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Sunday November 27th

‘Dearly Beloved’ review: Daughtry makes explosive return to roots

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By Ian Krietzberg
Managing Editor

After a three-year break since the band’s latest album, “Cage To Rattle,” Daughtry finally returns with a new studio album after a slew of singles released throughout the duration of the pandemic: “Dearly Beloved.” This, the band’s sixth record, is also the first record the group has ever released independent of a record label, with the band’s other five albums being released by RCA Records.

Since Chris Daughtry rose to prominence on American Idol in 2006 — where he somehow finished fourth — his band, Daughtry, have dabbled in a variety of different genre subsets. The group’s 2006 debut album was bursting with slick guitars and post-grunge roars and went on to become the fastest-selling debut rock album in Soundscan history.

(Photo Courtesy of Apple Music)

Since the success of that debut, Daughtry has pushed beyond comparisons to Nickelback and released several successful rock ‘n’ roll records before 2013 saw a noticeable turn with “Baptized,” a record that was more parts pop than rock.

After a long break, 2018’s “Cage To Rattle” was markedly more intense, but it was short and felt like a hesitating return to the kind of music Daughtry really wanted to be making.

“Dearly Beloved” feels like an absolute, powerful return, not only to the band’s post-grunge roots, but also to the kind of passion that comes from loving the music you’re making. And this record is teeming with passion.

It’s structured around this wonderful back-to-basics setup, with guitars, drums and a bass, all building an intense sonic environment through which Daughtry’s powerhouse vocals soar.

The album opens up with the nearly five-minute-long track ‘Desperation,’ a song that opens with a slow synth build that evolves into a driving guitar-drum moment. Almost a full minute of this instrumental passes before Daughtry begins to sing, and he begins with his voice pitched low, melding smoothly into the guitar.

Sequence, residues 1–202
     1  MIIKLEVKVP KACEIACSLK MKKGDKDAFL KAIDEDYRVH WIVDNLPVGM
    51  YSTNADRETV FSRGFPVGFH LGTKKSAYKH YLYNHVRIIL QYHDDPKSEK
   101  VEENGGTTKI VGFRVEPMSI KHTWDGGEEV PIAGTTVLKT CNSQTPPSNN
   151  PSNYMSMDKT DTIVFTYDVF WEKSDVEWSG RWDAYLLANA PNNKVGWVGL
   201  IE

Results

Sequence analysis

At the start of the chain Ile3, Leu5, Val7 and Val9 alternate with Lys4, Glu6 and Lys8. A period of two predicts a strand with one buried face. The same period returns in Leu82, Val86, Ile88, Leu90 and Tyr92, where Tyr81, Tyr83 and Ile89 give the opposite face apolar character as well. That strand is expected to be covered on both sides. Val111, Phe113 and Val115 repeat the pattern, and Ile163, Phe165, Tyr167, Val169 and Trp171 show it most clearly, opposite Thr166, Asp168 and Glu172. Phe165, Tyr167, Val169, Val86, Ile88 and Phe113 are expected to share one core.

As he breaks into the chorus, the guitar drives anthemically, and Daughtry’s voice jumps into his signature, impossible, high, clear, grungy area, delivering a powerful, desperate cry.

It’s the perfect way to open the record. Equal parts subtle and ambitious, as a perfect example of a solid rock ballad, it truly sets the stage for a record that brings Daughtry back to their post-grunge beginnings, albeit with a more modern take.

“Asylum” has this lovely, haunting intro — Daughtry’s voice is full of this passionate texture, which, combined with the initial lack of instrumentation and the effect on his voice, creates a really interesting introduction to the track. That little five or six-second intro is a great example of the rare kind of vocal ability and control Daughtry has. To, seemingly without effort, inflect greater or lesser quantities of intensity and texture and grunge into certain syllables of certain words is a talent few share.

The song builds into a pretty standard rock track whose chorus is resplendent with driving drums and screaming guitar fills, all filling the air around the focal point of the track: Daughtry’s alluring vocals.

Out of the 13-track record, however, two songs really stood out to me: “Somebody” and “Call You Mine.”

“Somebody” has this amazing, honest yearning that is clear in both the lyrics and the vocals. The more laid-back instrumentation on the verses — a little synth and piano — make the lyrical message that much more accessible. But each chorus quickly evolves into intensity layered over top of a driving grungy guitar line — it is a master class in the rock ballad genre.

“Call You Mine” is that one song that represents a change in pace for the record. It opens with a palm-muted acoustic guitar, which is soon joined by Daughtry sounding absolutely tender. He sings in something that is close to a whisper, and it’s a further exploration of the yearning he exhibits in “Somebody.” It’s a sound that fits the power of his voice incredibly well.

The way the instrumentation builds and evolves as the song progresses was carefully thought out. As subtle guitar fills and drums begin filling the space, adding to the overall passionate intensity of the track, the emotion increases markedly. As the penultimate chorus builds and breaks into a guitar solo — one that proves the value in under-playing — the final chorus possesses an even greater level of passion and power.

“Dearly Beloved” is like a multi-faceted diamond. As you turn it, the light hits each side differently. Here, every song shows a different take on that broad and amazing genre of rock music. There are moments that are more than recalcitrant of the grunge era of the nineties; there are moments that are softer; there are ballads and breaths of fresh air; there is build and release, all infused and entwined with passionate pleas and those tremendous gut-wrenching vocals.

“Dearly Beloved” might just be Daughtry’s best overall record since their self-titled debut in 2006.


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